She’s a heavy drinker, she’s big, she’s brash, she’s burgandy, and her name is Rhonda. Smelling like a bunch of dudes and rolling down the highway at about 70 mph, we are happy to call Rhonda home on the road. We are excited about the upgrade, and keep a look out for the beauty herself in your town. Rock n’ roll.
Somewhere up there in the hills of western North Carolina a lot of bodies are buried, and Pierce Edens is the man with the locations. There’s no evidence that a cop, D.A. or judge can bring forth, mind you, but he clearly knows something; you can hear it in his twisted, tortured vocal bray, part Tom Waits growl, part Van Morrison howl, a soulful-yet-serrated instrument that conveys far more than even its owner might intend. You remember how George W. Bush once remarked how he could see into another man just by looking at his eyes? The same applies to Edens and his voice.
Over the course of two dark, dank evenings in the back room of Asheville’s Lexington Avenue Brewery, Pierce Edens & the Dirty Work laid down this baker’s dozen songs—the shows were also filmed, so there’s a corresponding DVD release for Live—and in the process managed to reinvent the whole notion of what “mountain music” is all about. Edens’ tales are unremittingly rural, dirty and dusty like a half-forgotten dirt road to nowhere, swampy in places like an equally obscure cattail-clogged pond, fraught with losers trying for one desperate, potentially violent last shot at the gold but dotted with glimpses of goodness when the grace of God shines down on one of those losers and he tries to do the right thing. From dynamic opening track “Jailhouse,” a Steve Earle-like rocker that details a life perennially beset by trouble (“I never got in trouble on my own,” protests Edens, “[but] the Devil came a-campin’ on my doorstep…); through the gospel-inflected blooze of the elegantly disheveled “Good Man” (“I never’d gone down this road if I had known it would be so long”); to moody psychedelic epic “Ghost On the Radio,” a slow-burn noirish anthem featuring a guest horn section to give it a Band/Los Lobos vibe; this is one of those rare live albums that completely blows away any of its studio-sourced peers. You can practically taste the sweat hanging in the air, smell the booze coming off the breaths of the audience.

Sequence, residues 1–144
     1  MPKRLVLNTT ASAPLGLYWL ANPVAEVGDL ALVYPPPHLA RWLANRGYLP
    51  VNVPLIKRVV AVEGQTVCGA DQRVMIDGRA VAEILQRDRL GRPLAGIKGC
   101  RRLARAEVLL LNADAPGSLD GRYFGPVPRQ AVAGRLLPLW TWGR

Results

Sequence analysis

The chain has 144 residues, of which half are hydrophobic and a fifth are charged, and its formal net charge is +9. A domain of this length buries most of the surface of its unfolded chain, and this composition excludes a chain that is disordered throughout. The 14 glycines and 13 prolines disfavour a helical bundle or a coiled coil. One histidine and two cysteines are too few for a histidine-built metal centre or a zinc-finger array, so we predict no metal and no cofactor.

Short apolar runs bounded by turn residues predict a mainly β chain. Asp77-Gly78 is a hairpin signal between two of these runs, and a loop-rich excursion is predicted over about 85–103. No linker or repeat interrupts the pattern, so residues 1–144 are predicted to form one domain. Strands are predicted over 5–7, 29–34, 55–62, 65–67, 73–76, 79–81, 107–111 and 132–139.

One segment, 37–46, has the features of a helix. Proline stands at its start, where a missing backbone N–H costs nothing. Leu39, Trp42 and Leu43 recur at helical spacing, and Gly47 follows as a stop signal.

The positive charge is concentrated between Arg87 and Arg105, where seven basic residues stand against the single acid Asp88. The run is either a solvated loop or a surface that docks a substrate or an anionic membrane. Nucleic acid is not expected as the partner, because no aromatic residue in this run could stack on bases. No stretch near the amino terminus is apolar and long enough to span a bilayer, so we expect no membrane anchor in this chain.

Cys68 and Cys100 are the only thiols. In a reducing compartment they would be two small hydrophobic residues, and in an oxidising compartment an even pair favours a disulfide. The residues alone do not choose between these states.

And I’ve seen him play live myself, so I’m not just flipping matchsticks in the air with all these comparisons and metaphors. Edens is the R.F.D. (Real effin’ Deal), and when he and his band have their collective back against the wall, there’s trouble in store. Best step aside and let ‘em pass if they come your way…